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Hitler's Art Thief: A Review of Susan Ronald's Book on Hildebrand Gurlitt and the Looting of Europe's Treasures (New York: St. Martin's Press, 2015)

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Plundered Art 24 August 2015
by Ori Z Soltes

This book may not be for everyone: if all you are interested in is the number of artworks that surfaced out of the anonymity of Cornelius Gurlitt's collections back in 2013, then you might as well skip it and google a few newspaper articles instead. But if you keep wondering not only how he ended up with such a cache (okay, from his father), and, more to the point, how his father, Hildebrand, acquired them and managed to pass them onto his son, beyond the newspaper references to Hildebrand as an art buyer--or, rather, art plunderer--on behalf of Hitler, then this book is required reading.

Anybody who spends time studying the Holocaust is aware of how fraught with contradiction its architects were--just think of how neither Hitler nor any of his inner circle conformed to the "Aryan" physical description that he spent so many years championing; that the tall, muscular blond super-race of Uebermenschen whom he intended to lead forward into a thousand-year-long future would by definition have excluded Goebbels, Goering, Himmler, Bormann and Hitler himself. And consider the millions who cheered these fine fellows on without apparently noticing the contradiction.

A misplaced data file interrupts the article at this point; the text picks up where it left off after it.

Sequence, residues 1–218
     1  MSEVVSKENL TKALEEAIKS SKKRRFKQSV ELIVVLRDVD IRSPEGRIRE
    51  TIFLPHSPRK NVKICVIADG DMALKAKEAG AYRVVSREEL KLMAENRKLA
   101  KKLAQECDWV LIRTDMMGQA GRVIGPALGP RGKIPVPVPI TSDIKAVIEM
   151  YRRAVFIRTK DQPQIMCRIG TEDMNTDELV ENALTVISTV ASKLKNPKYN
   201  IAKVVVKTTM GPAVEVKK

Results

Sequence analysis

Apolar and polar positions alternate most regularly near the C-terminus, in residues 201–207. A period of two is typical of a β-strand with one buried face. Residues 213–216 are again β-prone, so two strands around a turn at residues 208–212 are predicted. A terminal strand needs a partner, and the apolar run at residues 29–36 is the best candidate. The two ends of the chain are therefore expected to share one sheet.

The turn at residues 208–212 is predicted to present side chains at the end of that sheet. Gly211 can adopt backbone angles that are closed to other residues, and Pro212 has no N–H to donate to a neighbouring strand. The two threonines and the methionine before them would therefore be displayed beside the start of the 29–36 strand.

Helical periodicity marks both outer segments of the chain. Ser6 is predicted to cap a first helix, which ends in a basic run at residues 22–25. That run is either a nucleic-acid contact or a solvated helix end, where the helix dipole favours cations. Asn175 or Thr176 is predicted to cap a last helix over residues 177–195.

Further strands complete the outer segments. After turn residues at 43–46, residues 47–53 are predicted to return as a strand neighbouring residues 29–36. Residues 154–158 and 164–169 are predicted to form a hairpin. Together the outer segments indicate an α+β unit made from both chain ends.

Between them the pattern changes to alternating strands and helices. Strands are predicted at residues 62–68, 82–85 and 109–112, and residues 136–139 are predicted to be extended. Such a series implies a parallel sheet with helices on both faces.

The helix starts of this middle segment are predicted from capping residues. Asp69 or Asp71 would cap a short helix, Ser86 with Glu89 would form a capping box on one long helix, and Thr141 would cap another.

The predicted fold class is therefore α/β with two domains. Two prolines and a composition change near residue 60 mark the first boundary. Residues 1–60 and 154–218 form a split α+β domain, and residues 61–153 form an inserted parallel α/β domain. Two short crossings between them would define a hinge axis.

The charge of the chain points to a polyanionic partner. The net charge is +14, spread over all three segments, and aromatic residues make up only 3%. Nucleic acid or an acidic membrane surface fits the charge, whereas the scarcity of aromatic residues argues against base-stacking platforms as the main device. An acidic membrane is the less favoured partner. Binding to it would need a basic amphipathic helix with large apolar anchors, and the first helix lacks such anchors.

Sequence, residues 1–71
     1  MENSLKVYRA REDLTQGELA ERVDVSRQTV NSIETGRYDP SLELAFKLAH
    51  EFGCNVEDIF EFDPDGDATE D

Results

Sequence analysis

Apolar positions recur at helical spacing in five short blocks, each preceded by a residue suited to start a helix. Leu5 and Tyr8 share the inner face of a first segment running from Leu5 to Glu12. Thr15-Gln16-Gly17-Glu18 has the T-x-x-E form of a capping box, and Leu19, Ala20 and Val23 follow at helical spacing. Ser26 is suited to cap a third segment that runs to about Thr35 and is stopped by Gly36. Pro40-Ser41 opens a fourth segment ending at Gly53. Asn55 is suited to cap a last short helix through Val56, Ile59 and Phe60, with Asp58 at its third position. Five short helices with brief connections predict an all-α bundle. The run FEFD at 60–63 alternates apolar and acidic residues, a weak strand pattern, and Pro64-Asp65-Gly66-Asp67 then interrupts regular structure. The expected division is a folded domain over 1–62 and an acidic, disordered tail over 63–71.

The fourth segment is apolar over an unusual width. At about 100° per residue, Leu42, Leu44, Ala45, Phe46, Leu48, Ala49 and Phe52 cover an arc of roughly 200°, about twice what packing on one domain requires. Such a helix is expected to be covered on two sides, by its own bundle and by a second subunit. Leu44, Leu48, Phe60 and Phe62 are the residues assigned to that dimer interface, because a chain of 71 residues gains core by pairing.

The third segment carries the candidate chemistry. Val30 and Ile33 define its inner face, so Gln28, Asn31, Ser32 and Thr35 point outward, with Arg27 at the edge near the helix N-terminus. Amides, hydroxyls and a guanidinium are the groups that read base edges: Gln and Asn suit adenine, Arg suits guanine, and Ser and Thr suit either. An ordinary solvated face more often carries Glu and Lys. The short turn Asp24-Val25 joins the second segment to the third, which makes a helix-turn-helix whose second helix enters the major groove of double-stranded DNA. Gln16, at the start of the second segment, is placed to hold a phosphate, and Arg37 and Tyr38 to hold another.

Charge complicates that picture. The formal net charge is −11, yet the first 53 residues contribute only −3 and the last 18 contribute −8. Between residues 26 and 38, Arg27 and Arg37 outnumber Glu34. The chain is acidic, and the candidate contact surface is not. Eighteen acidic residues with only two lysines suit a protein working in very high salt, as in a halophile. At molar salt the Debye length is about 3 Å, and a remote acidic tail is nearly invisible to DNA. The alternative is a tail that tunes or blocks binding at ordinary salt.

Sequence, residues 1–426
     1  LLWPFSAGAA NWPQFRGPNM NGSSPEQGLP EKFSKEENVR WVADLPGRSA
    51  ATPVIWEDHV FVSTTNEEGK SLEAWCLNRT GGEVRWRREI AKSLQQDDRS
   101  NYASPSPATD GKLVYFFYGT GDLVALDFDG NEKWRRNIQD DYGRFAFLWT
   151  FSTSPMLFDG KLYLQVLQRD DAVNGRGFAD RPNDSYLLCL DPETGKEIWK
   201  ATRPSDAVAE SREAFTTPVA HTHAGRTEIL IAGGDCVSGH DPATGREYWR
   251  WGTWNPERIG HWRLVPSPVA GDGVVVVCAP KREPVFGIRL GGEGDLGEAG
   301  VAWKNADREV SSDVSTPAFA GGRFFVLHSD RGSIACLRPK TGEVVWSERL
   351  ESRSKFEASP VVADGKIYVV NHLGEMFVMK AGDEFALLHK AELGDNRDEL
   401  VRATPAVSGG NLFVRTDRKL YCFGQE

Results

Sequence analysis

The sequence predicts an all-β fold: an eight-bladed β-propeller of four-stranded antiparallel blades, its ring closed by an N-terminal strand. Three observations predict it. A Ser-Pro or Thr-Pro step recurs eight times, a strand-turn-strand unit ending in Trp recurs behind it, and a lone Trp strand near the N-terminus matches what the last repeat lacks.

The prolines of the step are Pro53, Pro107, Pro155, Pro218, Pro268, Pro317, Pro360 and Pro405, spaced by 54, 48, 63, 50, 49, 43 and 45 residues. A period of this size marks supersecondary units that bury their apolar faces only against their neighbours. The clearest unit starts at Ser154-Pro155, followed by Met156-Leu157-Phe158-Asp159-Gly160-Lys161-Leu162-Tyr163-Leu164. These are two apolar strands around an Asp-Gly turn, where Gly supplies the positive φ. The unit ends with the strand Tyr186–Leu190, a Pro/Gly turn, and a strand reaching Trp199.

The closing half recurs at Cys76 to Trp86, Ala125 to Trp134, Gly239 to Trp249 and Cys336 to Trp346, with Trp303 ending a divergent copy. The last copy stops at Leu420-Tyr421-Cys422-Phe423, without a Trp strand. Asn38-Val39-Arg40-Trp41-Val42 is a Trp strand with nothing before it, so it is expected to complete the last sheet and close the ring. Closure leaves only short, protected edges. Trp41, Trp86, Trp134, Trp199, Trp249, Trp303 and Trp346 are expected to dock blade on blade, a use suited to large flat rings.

Cornelius Gurlitt in his younger years

Susan Ronald's book explores various elements of this multi-leveled irony, particularly as it pertained to the lust for art and the means of acquiring it. She offers the larger contexts of both the shaping of the Nazi period in and beyond Germany and where the Gurlitt family fit into and outside those contexts. Hildebrand's father, Cornelius, was a fairly prominent art historian (a consummate specialist in Baroque art and architecture) who loved but was disappointed in Hildebrand. For the son opted, in the Age of Hitler, to abandon the Ivory Tower in its theoretical purity for the intrinsic venality of the commercial world of galleries and art dealers.

Susan Ronald